Continues to Work with Stakeholders to Improve TMDL Implementation on a Watershed Basis
The U.S. Environmental Protection Agency (EPA) is proposing to withdraw the July 2000 final rule that revised EPA's Total Maximum Daily Load (TMDL) program under the Clean Water Act. The 2000 rule was determined to be unworkable based on reasons described by thousands of comments and was challenged in court by some two dozen parties.
Ultimately, Congress passed a law prohibiting EPA from implementing the July 2000 rule. Further, the National Academy of Sciences' National Research Council (NRC) issued a report with numerous recommendations for improving the rule and program, which were not reflected in the July 2000 rule.
"In order to ensure that this nation's bodies of water are cleaned up, we need an effective national program that involves the active participation and support of all levels of government and local communities," EPA Administrator Christie Whitman said. "Unfortunately, the 2000 rule designed to implement the TMDL program fell short of that goal and others. We have an existing TMDL program and this action will not stop ongoing implementation of that program, development of water quality standards, issuance of permits to control discharges, or enforcement against violators. EPA and states will continue to cooperate to identify impaired waters and set protective standards for those waters. EPA will continue to work diligently on ways to improve this program to ensure that we meet our goal of purer water."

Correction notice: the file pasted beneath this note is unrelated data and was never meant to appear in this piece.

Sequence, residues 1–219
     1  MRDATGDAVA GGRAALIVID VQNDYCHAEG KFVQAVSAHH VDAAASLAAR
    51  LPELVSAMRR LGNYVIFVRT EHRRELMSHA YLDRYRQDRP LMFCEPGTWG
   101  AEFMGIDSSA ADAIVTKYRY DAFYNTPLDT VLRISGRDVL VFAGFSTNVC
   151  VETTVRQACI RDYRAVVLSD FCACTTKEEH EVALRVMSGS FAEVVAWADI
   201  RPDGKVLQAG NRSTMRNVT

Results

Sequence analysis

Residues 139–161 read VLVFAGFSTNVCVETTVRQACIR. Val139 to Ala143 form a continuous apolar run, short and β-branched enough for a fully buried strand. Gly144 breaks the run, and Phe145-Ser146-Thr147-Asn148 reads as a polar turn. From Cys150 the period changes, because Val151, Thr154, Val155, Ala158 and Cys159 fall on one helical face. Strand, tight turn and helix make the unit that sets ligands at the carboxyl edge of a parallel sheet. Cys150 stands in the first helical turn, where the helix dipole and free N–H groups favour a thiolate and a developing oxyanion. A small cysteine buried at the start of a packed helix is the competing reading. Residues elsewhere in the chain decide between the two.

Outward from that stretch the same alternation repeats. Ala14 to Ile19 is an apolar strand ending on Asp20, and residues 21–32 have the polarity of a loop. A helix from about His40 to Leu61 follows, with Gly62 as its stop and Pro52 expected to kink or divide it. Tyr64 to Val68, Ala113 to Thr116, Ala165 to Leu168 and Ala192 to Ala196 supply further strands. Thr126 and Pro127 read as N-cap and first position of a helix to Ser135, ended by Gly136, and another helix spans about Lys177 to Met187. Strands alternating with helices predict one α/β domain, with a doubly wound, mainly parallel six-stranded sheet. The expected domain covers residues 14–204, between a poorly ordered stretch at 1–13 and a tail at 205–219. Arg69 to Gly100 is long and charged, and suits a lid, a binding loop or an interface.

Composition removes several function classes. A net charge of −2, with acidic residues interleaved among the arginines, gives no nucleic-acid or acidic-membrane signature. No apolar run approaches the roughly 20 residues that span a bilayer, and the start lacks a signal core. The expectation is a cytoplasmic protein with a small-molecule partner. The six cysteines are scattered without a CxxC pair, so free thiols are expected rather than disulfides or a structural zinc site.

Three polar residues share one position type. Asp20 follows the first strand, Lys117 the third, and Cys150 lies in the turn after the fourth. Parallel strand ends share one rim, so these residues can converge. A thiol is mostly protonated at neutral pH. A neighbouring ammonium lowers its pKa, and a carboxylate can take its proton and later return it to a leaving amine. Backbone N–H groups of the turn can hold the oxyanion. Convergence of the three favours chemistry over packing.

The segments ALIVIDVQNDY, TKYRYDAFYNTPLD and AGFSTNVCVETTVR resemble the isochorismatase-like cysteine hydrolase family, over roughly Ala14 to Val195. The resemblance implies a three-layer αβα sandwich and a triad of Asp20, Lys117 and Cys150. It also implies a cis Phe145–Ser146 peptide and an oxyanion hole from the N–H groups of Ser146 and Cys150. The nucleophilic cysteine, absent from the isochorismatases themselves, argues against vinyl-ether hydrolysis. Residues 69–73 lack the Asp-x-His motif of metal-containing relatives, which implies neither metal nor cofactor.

The Clean Water Act requires states to identify waters not meeting water quality standards and to develop plans for cleaning them up. The Total Maximum Daily Load (TMDL) program provides a process for determining pollution budgets for the Nation's waters that once implemented will assure that Clean Water Act goals will be met.
In the meantime, EPA continues to work on improvements to the TMDL program in order to further enhance the quality of the nation's waters. In 2001 and 2002 combined, more than 5,000 TMDLs were approved or established under the current TMDL rule. The number of TMDLs approved or established annually has steadily increased in the last four years jumping from 500 in 1999 to nearly 3000 in 2002. EPA has been working steadily to identify options to improve the TMDL program, including addressing problems reported by the National Academy of Sciences. The agency has conducted several public meetings and is reviewing its ongoing implementation of the existing program with a view toward continuous improvement and regulatory changes in light of stakeholder input and the NRC recommendations.